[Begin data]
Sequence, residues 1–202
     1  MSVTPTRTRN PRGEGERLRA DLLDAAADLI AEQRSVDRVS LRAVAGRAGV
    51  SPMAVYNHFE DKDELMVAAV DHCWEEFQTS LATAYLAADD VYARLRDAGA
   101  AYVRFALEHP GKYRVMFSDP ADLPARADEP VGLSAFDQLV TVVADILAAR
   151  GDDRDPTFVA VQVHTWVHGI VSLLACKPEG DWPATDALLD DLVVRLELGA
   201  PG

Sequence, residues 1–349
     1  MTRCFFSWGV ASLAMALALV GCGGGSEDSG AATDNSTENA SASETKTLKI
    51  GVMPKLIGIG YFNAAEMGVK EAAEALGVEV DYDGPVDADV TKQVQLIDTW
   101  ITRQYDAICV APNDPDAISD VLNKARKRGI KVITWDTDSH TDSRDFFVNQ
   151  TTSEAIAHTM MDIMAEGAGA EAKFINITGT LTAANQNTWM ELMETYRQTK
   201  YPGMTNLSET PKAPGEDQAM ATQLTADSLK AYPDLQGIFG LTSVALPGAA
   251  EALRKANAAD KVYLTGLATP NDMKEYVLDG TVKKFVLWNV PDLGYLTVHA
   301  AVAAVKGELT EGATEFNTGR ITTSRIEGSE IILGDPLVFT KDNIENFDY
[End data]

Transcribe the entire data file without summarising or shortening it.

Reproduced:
Sequence, residues 1–202
     1  MSVTPTRTRN PRGEGERLRA DLLDAAADLI AEQRSVDRVS LRAVAGRAGV
    51  SPMAVYNHFE DKDELMVAAV DHCWEEFQTS LATAYLAADD VYARLRDAGA
   101  AYVRFALEHP GKYRVMFSDP ADLPARADEP VGLSAFDQLV TVVADILAAR
   151  GDDRDPTFVA VQVHTWVHGI VSLLACKPEG DWPATDALLD DLVVRLELGA
   201  PG

Sequence, residues 1–349
     1  MTRCFFSWGV ASLAMALALV GCGGGSEDSG AATDNSTENA SASETKTLKI
    51  GVMPKLIGIG YFNAAEMGVK EAAEALGVEV DYDGPVDADV TKQVQLIDTW
   101  ITRQYDAICV APNDPDAISD VLNKARKRGI KVITWDTDSH TDSRDFFVNQ
   151  TTSEAIAHTM MDIMAEGAGA EAKFINITGT LTAANQNTWM ELMETYRQTK
   201  YPGMTNLSET PKAPGEDQAM ATQLTADSLK AYPDLQGIFG LTSVALPGAA
   251  EALRKANAAD KVYLTGLATP NDMKEYVLDG TVKKFVLWNV PDLGYLTVHA
   301  AVAAVKGELT EGATEFNTGR ITTSRIEGSE IILGDPLVFT KDNIENFDY